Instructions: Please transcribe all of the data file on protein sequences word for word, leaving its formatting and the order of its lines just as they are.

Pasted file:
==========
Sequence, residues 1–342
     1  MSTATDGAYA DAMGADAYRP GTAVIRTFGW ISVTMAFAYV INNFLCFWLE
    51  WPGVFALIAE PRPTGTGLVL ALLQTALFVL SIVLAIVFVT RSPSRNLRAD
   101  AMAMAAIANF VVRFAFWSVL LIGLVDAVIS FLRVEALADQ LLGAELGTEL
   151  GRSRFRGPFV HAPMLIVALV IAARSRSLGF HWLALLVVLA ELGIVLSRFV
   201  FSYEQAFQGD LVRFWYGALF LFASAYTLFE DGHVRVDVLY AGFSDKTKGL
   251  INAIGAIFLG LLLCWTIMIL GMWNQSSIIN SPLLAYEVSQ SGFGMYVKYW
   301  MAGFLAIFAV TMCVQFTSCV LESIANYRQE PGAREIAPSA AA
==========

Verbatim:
Sequence, residues 1–342
     1  MSTATDGAYA DAMGADAYRP GTAVIRTFGW ISVTMAFAYV INNFLCFWLE
    51  WPGVFALIAE PRPTGTGLVL ALLQTALFVL SIVLAIVFVT RSPSRNLRAD
   101  AMAMAAIANF VVRFAFWSVL LIGLVDAVIS FLRVEALADQ LLGAELGTEL
   151  GRSRFRGPFV HAPMLIVALV IAARSRSLGF HWLALLVVLA ELGIVLSRFV
   201  FSYEQAFQGD LVRFWYGALF LFASAYTLFE DGHVRVDVLY AGFSDKTKGL
   251  INAIGAIFLG LLLCWTIMIL GMWNQSSIIN SPLLAYEVSQ SGFGMYVKYW
   301  MAGFLAIFAV TMCVQFTSCV LESIANYRQE PGAREIAPSA AA